KUALA LUMPUR (Reuters) - A recent riot in Malaysia has raised fears of more clashes ahead of widely expected early elections as parties jostle for position and the opposition fights curbs on rallies.
The opposition, long ignored by the government-controlled mass media, is struggling to get its message across to Malaysian voters and political analysts say the ruling coalition will seize every chance to thwart their opponents.
“So, given that scenario, there will probably be future standoffs,” said Lee Hock Guan, of Singapore’s Institute of Southeast Asian Studies. “Campaigning is very crucial to winning hearts and minds.”
Changes to electoral rules have progressively cut down the opposition’s room for maneuver, from the banning of open air rallies to curbs on holding indoor political meetings outside of election campaigns, Lee told Reuters.
Last week, two members of the Islamist opposition Parti Islam se-Malaysia (PAS) were seriously wounded when police opened fire to disperse rioters at a rally demanding electoral reform in the northern state of Terengganu.
“They do not want our message to get across to the masses,” said PAS official Mustafa Ali, who called the violence the first of its kind in Malaysia. “They will try every avenue to stop us.”
PAS, a major opposition force in Malaysia’s northeast until it lost elections in 2004, wants to turn the multi-religious country into an Islamic state.
Malaysia’s opposition parties are split along racial lines, but are united in complaining the electoral system is rigged against them.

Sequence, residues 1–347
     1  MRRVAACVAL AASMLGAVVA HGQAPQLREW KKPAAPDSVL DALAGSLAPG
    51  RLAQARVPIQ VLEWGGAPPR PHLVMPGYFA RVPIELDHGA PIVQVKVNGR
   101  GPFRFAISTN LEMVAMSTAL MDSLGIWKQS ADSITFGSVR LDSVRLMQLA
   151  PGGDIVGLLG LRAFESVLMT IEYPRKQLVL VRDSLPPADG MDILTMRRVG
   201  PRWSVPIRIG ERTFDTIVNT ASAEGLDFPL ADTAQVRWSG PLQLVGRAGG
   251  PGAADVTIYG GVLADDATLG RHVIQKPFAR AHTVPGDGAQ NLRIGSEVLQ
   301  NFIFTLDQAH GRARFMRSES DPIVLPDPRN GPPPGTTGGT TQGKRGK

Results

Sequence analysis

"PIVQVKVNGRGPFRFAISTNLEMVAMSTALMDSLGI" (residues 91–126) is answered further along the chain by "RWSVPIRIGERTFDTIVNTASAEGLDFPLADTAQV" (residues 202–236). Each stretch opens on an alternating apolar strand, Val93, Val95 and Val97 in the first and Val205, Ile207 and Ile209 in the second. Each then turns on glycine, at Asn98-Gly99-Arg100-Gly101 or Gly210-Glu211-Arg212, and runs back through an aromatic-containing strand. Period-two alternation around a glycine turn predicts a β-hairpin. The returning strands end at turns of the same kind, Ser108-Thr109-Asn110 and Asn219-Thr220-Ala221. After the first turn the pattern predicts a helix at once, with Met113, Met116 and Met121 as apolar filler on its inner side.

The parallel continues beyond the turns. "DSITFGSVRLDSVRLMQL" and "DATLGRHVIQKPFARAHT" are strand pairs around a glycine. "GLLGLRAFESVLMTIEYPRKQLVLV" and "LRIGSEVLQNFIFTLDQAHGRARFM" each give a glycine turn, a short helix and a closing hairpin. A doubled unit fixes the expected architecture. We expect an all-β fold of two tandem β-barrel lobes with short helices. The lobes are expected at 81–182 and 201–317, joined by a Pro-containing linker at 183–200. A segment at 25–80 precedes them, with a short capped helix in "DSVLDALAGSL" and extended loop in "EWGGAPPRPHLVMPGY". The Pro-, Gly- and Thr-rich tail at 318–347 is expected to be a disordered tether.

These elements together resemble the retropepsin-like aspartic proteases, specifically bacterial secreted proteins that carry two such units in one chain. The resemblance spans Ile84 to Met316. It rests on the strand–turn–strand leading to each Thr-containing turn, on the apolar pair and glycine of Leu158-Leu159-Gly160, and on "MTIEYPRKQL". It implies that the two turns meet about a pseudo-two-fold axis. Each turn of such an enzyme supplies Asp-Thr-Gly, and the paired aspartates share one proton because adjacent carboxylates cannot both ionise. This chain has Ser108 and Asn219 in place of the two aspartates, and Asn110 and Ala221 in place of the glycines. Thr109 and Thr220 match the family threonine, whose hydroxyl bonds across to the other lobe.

Prime Minister Abdullah Ahmad Badawi, who is widely expected to call general elections by early next year, called the riot a desperate attempt by the opposition to gain political mileage.
“Now they see that the state has developed in a short period and they are trying to do nasty things to tarnish the government and the police. This is their brand of politics,” the New Straits Times newspaper quoted Abdullah as saying.
One analyst said the government could exploit similar events to paint the opposition as unable to rein in supporters predisposed to violence, and so burnish its own image.
“I would not be terribly surprised to see further such incidents just to keep everyone on edge, ‘justify’ additional curbs, and make the ruling coalition seem the only safe choice yet again,” said U.S. academic Meredith Weiss, a specialist in Malaysian society and politics.
Although Abdullah has permitted wider media coverage of contentious issues of race and religion than did his predecessor Mahathir Mohamad during his 22-year tenure, his government moves swiftly to condemn views it disapproves of.
The greater leeway for comment looked more like a strategy to co-opt political opponents in ways that do not threaten Abdullah’s ruling coalition rather than commitment to fostering vigorous public debate, one analyst said.
“Malaysia is at a fork in the road,” said Garry Rodan, director of the Asia Research Centre at Murdoch University in Australia.
“The real question is how genuine is the willingness to allow debate if the views expressed are allowed to be expressed only so long as the government is not uncomfortable with them.”
The government could make things tougher for the opposition by denying it permits to hold public meetings, or by launching vicious attacks on it in newspapers, radio and television, political analyst Chandra Muzaffar said.
“As the elections get closer, I see the ruling coalition imposing more and more restrictions, more and more hurdles, in the path of the opposition, and this has often happened in the past,” Muzaffar added.
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